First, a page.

Bergerac Triangle
 

Bergerac Aquitaine

There is a mystery in deepest France, down on the borders of the Lot, Garonne and Dordogne.


Its called the Bergerac Triangle, Hundreds of Brits, Americans and other nationalities have travelled across this triangle, never to return to their native lands; or at least not often.


They have been trapped by a beautiful varied countryside, enchanting towns, a mild climate, an intriguing history, an ancient culture and a culinary tradition to die for.


But perhaps above all they have been entrapped by a life style that has been lost and all but forgotten in the Western world.


It’s a life style where people matter, where living is important and artisans infuriatingly, but wonderfully take two and a half hours off for lunch.


Where is this triangle? Well the borders are vague but it seems to cover the slightly untrigometrically defined area encompassed by Bergerac, Eymet and the Sainte Foy la Grande region, in the south west corner of France; perhaps including the ancient and venerable town of Duras.


This is a land close to the Anglo-Saxon / Viking heart as it was the crucible for the fusion of those vital but barbaric northerners into the cultured lands of the Latin intelligencia in the Middle Ages. This marriage of vitality and cerebral power is what has driven the western world ever since.


Those tenth century rulers gradually lost their grip on this patch of ancient Aquitaine; being eventually pushed into the sea when losing Bordeaux, their last toehold in France. However they have bided their time and in the twentieth century their descendants are stealthily buying it back piece by piece, or perhaps it is reclaiming them! Are they being seduced by the siren sounds of natural beauty and a relaxed cultured lifestyle, hard to find elsewhere in the civilised world?


The countryside is varied. Ranging from rolling hills, copses and almost English like meadows in the Eymet area, to martial vistas as serried ranks of vines march down the hillsides of the wine regions of Duras and Bergerac. Unlike Provence, its sister region in the south east of the country this southern province is a green and verdant land.


Scattered throughout are small towns and tiny hamlets, most replete with their own Marie (town hall) and a mayor who will issue forth resplendent in sash and badges of office at almost any excuse. These are many, for local life is very much alive and kicking, or should I say eating.

Many an unsuspecting tourist has been overcome during the `Chasse` lunch season when confronted by a Salle de Fete (village hall) bursting with voluble residents, barrels of village wine and the eight or so meat courses presented to demonstrate the doubtful prowess of local hunters.


In the delightful towns of Eymet, Duras, Ste Foy, Bergerac etc social intercourse is continued along its ancient tradition in vibrant local markets which spring up weekly amongst the medieval buildings and alleyways. Transporting the visitor back to an earlier age when we all had time to stand and stare; and of course gossip.


The seduction of the region for new residents is varied. A friendly and hospitable local population, Perigordian specialities such as Foi Gras, Duck and Mombazillac wine. Roads where you are startled if you have to pass three cars on the way to market. Low cost houses, accommodation and land. Wine collected from the farm in a can at $1 a litre.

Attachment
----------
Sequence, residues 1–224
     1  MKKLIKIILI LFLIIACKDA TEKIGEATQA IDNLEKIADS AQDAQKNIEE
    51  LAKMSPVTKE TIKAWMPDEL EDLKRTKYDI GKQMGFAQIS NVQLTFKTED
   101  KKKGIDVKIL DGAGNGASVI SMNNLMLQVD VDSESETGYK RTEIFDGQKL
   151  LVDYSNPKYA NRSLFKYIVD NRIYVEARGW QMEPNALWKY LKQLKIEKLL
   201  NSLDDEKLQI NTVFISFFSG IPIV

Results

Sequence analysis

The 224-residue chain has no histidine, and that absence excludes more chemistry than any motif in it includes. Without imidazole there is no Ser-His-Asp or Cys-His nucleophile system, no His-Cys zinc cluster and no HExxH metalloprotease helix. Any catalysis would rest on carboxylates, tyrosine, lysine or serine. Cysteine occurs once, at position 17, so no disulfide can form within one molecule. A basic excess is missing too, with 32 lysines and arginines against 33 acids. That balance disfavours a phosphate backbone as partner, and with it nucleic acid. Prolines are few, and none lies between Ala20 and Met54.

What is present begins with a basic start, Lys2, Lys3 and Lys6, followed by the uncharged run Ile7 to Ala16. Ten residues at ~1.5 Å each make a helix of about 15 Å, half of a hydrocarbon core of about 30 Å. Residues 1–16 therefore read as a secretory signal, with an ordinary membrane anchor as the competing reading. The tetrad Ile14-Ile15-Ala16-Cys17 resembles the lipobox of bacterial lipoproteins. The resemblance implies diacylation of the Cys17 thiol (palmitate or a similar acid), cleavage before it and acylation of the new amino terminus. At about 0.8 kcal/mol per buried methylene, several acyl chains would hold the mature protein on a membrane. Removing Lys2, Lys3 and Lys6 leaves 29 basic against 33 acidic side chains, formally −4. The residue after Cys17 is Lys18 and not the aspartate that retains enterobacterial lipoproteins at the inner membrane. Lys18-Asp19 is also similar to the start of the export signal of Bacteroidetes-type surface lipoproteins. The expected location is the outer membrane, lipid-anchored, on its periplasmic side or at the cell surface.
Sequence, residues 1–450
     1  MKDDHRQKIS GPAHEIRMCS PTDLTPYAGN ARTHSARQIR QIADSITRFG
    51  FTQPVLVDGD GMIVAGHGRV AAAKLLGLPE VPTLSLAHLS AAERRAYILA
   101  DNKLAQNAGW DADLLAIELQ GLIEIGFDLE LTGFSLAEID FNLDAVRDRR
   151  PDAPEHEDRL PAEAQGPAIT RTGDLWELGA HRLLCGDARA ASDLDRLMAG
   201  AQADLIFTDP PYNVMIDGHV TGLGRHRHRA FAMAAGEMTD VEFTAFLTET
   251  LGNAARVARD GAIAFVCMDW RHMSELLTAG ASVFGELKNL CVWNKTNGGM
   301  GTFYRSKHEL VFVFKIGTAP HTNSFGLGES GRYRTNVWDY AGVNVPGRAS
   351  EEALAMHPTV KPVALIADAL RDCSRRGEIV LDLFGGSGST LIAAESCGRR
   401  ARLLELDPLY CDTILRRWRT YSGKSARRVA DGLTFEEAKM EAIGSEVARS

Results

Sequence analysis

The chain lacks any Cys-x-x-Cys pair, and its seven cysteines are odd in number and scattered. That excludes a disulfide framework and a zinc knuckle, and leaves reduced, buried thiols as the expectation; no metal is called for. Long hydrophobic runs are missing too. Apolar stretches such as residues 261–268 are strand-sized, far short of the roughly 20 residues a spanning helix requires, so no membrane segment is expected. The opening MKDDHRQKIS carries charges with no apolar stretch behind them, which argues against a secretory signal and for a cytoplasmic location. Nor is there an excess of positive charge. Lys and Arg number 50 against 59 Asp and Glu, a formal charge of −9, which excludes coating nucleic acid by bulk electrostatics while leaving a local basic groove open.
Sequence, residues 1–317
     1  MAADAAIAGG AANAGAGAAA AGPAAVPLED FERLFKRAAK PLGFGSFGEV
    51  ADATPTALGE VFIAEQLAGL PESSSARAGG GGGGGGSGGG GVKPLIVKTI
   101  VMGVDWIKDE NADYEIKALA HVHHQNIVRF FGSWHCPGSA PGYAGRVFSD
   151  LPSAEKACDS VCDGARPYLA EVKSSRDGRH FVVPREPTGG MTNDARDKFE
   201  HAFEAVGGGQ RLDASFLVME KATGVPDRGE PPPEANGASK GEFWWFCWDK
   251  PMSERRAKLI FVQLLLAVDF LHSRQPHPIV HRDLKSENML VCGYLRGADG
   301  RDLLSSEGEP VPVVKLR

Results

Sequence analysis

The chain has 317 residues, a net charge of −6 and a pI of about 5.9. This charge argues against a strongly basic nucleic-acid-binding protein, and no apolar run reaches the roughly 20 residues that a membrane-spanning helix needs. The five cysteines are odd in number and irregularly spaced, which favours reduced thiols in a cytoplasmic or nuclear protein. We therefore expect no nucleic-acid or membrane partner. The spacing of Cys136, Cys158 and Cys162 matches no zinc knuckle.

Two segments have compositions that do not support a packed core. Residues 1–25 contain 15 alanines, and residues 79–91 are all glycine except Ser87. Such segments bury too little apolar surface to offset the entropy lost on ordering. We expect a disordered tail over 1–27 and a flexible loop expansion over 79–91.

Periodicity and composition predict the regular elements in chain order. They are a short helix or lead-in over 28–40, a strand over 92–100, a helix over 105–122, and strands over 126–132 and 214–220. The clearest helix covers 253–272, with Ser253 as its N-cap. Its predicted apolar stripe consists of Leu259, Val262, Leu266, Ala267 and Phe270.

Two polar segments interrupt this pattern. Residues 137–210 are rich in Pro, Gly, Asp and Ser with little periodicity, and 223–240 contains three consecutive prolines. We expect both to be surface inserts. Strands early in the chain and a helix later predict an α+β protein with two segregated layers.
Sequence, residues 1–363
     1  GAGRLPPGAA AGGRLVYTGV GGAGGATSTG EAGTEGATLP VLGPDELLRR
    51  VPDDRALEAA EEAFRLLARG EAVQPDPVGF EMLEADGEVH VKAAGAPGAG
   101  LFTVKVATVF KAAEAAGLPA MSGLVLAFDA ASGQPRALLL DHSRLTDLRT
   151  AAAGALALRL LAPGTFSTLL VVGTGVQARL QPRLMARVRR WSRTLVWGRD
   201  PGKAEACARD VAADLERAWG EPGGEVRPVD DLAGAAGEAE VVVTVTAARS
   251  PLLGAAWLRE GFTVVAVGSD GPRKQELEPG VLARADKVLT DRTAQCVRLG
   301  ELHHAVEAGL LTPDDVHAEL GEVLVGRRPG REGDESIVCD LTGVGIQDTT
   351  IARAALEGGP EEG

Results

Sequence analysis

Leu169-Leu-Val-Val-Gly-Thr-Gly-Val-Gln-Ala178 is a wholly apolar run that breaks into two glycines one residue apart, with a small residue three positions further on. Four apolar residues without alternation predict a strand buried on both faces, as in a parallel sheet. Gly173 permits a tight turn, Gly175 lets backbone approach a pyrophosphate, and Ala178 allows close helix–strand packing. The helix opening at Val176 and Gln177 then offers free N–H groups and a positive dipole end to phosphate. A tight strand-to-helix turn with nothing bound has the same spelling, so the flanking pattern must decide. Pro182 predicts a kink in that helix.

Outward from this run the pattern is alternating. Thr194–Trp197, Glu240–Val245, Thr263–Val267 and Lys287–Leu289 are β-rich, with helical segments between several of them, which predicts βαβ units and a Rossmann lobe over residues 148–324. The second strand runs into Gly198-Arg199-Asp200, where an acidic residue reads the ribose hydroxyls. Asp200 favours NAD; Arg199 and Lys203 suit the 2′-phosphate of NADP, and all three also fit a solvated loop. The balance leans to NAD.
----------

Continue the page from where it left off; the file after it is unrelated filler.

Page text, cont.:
Even having to stand in line in the Post office whilst the lady in front explains at length her eight children’s illnesses to the clerk can be a delight; well sometimes!


But what of the locals, don’t they resent this influx of retired English speaking nationals into their backyard. Buying up their houses, massacring their language, creating English ghetto. Strangely enough, no they don’t or at least very rarely.


To understand this you need to know the region and the regional Frenchman (and woman). The French are fiercely French but at the same time fiercely regional. In this area the English (or at least their Norman ancestors) are almost considered ‘locals’. The regional identity is still strong. Only a few centuries ago this area still spoke Occitan (or Gascon an Occitan dialect) as its main language.

Probably many of the first Duke of Normandy’s (William the Conqueror’s dad) offspring spoke Occitan as their first language. The locals do not think that their forbears were conquered by the English, as the English do. They think, not without good reason, that their forbears first conquered England, then came back to Aquitaine.

By this reasoning they are cousins to the poor subjugated Norman / Saxons and offer a warm welcome to the latest somewhat tardy returnees.

This regional association with those northern barbarians can be manifest in bizarre ways. A local friend who is a Parisian recently complained that when he opened his mouth it cost him +20%; he was French but this did not happen to the ‘English’. Well every one hates Parisians.


So can we solve the mystery of all these disappearances from England, America even Holland and Scandinavia into the seemly black hole of the Bergerac triangle. Well the Doolittle theory is that it is all due to a hypothetical and subliminal Push-Me-Pull-Me effect.

The triangle is a poor region financially, which is rich in heritage and human virtues but low in cash.

The denizens of the more ‘successful’ regions of the west are richer in cash but hanker after some of the real delights of human intercourse that were trampled in the rush for financial gain.

Like opposite poles of magnetism there is a mutual and very strong attraction.

My prognosis is that many more of life’s tourists will disappear into the Bergerac triangle.

 

 

© John Hulbert January 1998   -All rights reserved.

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